We've all been in meetings that we felt were a complete waste of time. Business meetings can be some of the most productive ways to spend your time or they can be totally pointless and accomplish nothing.
I've been in both types of meetings - those that are more productive and those where I wish I could have gotten that time in my life back. There's one company I worked for in particular where every meeting seemed like an honest waste of time. Had the boss made some key changes, he could have corrected the issues. The following tips are ways to avoid unproductive meetings and to help keep things on track.
1. Have an agenda
One of the most important things to have at meetings is an agenda. The one item that was absent from the meetings with this company I was telling you about was an agenda. Agendas really are great ways to keep meetings on track. They allow attendees to know what the objective is, who will attend, how long the meeting will last, location, things to prepare for, any needed items, etc. They can also give a time limit for items needing to be discussed. Agendas are great for taking notes and keeping records. Emailing or distributing an agenda is a great way to get attendees prepared.The free Agenda templates offered by Vertex42 gives you a format for your meetings, while allowing the flexibility to tailor it to fit your needs. Currently, there are two formats available: Business and Committee. The user can really edit the form for whatever meeting they will need. Templates are helpful as they have a structured way to serve as a reminder rather than someone needing to do it themselves from scratch. You will also be able to choose between a table or outline format.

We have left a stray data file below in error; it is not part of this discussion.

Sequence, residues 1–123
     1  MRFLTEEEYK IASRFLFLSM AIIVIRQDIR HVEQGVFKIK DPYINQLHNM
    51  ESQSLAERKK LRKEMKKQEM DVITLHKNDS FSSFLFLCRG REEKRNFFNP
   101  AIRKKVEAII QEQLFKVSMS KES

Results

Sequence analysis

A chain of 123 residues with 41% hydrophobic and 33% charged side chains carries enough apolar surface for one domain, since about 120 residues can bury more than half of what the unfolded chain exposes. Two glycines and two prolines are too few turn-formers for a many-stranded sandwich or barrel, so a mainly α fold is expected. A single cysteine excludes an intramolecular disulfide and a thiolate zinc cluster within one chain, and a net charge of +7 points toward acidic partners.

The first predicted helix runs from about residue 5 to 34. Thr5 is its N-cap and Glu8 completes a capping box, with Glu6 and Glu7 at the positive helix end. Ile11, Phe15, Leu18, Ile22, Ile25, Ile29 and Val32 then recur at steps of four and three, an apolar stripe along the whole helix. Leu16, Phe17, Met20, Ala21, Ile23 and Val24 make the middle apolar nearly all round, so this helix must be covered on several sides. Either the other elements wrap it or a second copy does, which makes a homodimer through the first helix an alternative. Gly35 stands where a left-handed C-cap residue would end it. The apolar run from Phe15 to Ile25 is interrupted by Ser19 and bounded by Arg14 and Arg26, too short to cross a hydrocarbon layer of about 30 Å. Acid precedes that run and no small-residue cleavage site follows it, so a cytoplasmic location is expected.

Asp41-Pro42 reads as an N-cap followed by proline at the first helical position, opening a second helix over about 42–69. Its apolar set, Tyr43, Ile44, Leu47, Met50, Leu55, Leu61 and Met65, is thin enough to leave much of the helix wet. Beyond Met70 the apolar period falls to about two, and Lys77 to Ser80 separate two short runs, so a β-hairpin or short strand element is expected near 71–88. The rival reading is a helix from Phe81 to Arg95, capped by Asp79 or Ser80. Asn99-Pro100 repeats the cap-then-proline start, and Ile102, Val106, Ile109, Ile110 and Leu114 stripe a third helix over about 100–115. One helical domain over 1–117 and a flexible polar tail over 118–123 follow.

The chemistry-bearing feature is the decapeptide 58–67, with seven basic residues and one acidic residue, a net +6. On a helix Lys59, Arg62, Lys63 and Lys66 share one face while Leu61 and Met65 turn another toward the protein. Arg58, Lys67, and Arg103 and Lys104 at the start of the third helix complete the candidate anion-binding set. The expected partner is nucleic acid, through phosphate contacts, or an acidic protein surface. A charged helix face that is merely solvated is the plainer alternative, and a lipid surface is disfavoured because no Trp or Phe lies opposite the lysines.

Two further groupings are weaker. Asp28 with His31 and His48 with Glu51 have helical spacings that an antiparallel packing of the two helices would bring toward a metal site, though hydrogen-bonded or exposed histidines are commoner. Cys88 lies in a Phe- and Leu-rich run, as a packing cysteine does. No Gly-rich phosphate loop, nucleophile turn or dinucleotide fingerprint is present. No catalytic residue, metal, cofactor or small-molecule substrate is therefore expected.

2. Keep conversations productive
Everyone likes to have a good time and there's nothing wrong with visiting with people about other things, but if you need to stay on track and don't have a lot of time, make sure to keep the conversation productive. When I say productive, I mean focusing on the points needing to be discussed in your agenda.